Subscribe to theory

theory

CFP-Textual Girls

updated: 
Friday, February 5, 2010 - 4:31pm
full name / name of organization: 
Girlhood Studies: An Interdisciplinary Journal
contact email: 

Textual girls

The lives of girls are mediated in large part by the plethora of texts that surround them. Though adults often attempt to intercede, manipulate, or otherwise circumvent these texts, still the abundance of media and materials surrounding girls leaves them both vulnerable and savvy as they engage with texts that are either meant to address them directly or not.

Ohio Festival of the Short Story / Friday & Saturday, May 7 & 8, 2010

updated: 
Friday, February 5, 2010 - 3:44pm
full name / name of organization: 
The Cincinnati Review / University of Cincinnati
contact email: 

Theory of the short story has a long history, from writers and thinkers such as Edgar Allan Poe, Anton Chekov, and B. M. Ejxenbaum to contemporary theorists such as Susan Lohafer, Mary Louise Pratt, and Charles E. May. In recent years, critical anthologies and monographs such as The Postmodern Short Story: Forms and Issues (2001), The Supernatural in Short Fiction of the Americas (2003), and Reading for Storyness (2003) indicate continued and diverse interests in the field. How is the short story best defined? Should it be regarded as merely an "apprentice genre" for creative writers and literature students? What are its pedagogical advantages? What would a poetics or rhetoric of the short story look like?

"Narrating Lives behind Bars" MLA 2011 Los Angeles January 6-9, 2011.

updated: 
Friday, February 5, 2010 - 3:15pm
full name / name of organization: 
Modern Language Association
contact email: 

Narrating Lives behind Bars

Special Session at MLA 2011
in Los Angeles January 6-9, 2011.

Why write from or about prison? How do narratives of incarceration and torture inform notions of justice, liberty, and rights?

Especially welcome would be theoretical analyses of prison literature , of the conditions for writing prison narratives, and of the rhetoric of prisons writing.

Send all queries to Jonathan Abel at jonathan.abel@psu.edu. Abstracts of 500 words by March 1st.

CFP: SANE journal volume 1:1 and 1:2: "Comics in the Contact Zone" and "Teaching the Works of Alan Moore"

updated: 
Friday, February 5, 2010 - 12:12pm
full name / name of organization: 
SANE journal: sequential art narrative in education
contact email: 

SANE journal is now seeking submissions for works of research, practitioner-based articles, reviews, and rationales regarding its first two themed issues. Information about this new peer-reviewed, open access interdisciplinary journal covering all things comics-and-education-related, from pre-k to doctorate, can be obtained by visiting http://www.sanejournal.net/. For more information, e-mail James Bucky Carter: jbcarter2 at utep dot edu.

V1.1 (late 2010 release or per article as considered ready by review board): "Comics in the Contact Zone."

Poverty 2010: An Interdisciplinary & Community-based Graduate Conference

updated: 
Friday, February 5, 2010 - 7:54am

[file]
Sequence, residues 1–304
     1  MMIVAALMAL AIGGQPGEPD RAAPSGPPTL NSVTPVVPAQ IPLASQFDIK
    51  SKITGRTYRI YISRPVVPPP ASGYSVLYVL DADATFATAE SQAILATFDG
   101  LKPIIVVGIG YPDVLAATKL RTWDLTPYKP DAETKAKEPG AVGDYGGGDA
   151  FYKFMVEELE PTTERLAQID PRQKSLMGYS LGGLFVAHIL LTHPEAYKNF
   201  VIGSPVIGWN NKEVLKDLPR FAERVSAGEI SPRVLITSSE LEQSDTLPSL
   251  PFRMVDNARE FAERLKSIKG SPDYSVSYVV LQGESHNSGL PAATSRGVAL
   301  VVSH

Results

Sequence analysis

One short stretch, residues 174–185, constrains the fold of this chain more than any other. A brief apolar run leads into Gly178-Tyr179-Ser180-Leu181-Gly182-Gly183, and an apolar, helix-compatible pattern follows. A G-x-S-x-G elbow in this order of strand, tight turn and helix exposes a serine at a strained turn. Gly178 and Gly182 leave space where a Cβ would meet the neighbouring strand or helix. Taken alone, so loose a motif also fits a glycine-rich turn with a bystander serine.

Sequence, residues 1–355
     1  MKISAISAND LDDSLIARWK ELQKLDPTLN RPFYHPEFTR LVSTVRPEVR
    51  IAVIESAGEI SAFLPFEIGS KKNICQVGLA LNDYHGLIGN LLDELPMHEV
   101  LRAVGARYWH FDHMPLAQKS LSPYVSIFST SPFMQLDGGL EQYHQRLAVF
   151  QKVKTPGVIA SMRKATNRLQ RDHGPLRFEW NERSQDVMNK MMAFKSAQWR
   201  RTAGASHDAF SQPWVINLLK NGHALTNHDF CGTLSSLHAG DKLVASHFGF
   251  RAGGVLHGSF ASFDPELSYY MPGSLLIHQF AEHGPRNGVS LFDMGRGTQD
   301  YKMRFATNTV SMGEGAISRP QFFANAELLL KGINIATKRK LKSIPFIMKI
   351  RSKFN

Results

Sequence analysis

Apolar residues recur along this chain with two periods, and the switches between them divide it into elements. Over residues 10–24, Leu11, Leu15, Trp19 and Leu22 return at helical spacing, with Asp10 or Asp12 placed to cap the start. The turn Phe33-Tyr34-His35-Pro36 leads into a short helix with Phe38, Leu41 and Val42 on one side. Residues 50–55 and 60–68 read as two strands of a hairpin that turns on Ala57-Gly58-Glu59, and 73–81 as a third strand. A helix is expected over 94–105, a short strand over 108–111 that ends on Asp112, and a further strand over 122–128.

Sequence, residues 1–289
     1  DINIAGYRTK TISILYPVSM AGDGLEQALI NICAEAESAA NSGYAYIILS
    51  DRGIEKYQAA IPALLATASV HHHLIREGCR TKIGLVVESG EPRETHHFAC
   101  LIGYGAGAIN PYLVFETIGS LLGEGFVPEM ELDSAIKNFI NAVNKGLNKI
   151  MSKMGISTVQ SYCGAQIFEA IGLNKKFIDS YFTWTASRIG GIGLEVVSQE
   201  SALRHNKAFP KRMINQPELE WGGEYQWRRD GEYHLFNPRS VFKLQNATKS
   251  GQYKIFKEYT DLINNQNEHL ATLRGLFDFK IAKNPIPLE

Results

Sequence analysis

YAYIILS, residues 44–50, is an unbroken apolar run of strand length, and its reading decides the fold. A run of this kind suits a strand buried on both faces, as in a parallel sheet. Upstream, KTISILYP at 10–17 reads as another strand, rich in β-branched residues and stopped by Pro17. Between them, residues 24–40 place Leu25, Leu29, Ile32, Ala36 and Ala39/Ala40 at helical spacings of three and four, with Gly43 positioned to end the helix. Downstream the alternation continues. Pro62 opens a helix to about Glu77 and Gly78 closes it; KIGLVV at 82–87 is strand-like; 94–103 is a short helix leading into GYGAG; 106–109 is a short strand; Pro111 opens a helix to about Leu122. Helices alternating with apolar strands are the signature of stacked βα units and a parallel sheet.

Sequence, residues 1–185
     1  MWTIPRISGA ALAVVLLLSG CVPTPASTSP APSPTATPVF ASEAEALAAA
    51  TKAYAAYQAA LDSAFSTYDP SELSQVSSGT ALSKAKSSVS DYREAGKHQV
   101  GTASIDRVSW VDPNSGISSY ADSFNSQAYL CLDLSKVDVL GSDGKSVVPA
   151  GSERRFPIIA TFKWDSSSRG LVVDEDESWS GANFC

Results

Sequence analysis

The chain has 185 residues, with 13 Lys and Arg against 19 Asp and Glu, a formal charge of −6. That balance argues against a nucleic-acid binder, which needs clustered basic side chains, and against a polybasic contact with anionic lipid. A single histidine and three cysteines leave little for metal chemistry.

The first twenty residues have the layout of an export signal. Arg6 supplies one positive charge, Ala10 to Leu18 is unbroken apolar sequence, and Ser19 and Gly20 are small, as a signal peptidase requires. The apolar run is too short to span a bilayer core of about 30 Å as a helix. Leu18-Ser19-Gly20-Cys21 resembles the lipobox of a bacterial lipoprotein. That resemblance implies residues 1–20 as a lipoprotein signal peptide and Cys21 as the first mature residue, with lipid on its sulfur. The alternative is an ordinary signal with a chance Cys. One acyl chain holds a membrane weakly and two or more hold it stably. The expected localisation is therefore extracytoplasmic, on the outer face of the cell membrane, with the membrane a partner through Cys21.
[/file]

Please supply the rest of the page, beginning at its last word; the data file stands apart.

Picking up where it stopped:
full name / name of organization: 
Queen's University

Poverty 2010:
An Interdisciplinary & Community-based Graduate Conference

Queen's University, Kingston, Ontario
October 14-16, 2010

"Everyone has the right to a standard of living adequate for the health and well-being of himself and of his family, including food, clothing, housing and medical care and necessary social services, and the right to security in the event of unemployment, sickness, disability, widowhood, old age or other lack of livelihood in circumstances beyond his control." (Article 25(1) of The Universal Declaration of Human Rights)

Death in Early Modern Literature

updated: 
Thursday, February 4, 2010 - 11:11pm
full name / name of organization: 
The St. John's University Humanities Review
contact email: 

Death in Early Modern Europe

The Humanities Review, a literary journal published by the St. John's University English Department in New York, seeks scholarly compositions for the Spring 2010 edition. This issue will focus on the political, social and aesthetic machinery of death in Early Modern literature. Possible topics of interest include:

• The Functions of Textual Death
• Theatrical Death
• Death and the Human Body
• Death and the Supernatural
• Memento mori in period art
• The Plague / Executions

Submissions should be 10 pages single spaced. MLA style only. Endnotes preferred.

Climate Change Across the Disciplines

updated: 
Thursday, February 4, 2010 - 4:09pm
full name / name of organization: 
Unit for Criticism and Interpretive Theory, University of Illinois at Urbana-Champaign
contact email: 

Graduate Student Panel on CLIMATE CHANGE ACROSS THE DISCIPLINES
Sponsored by the Unit for Criticism and Interpretive Theory
University of Illinois at Urbana-Champaign
March 15, 2010

Submission Deadline: February 22, 2010

As part of its Spring 2010 colloquium series on Bios: Life, Death, Politics, the Unit for Criticism and Interpretive Theory is sponsoring a graduate student panel on CLIMATE CHANGE ACROSS THE DISCIPLINES, to be held on March 15, 2010.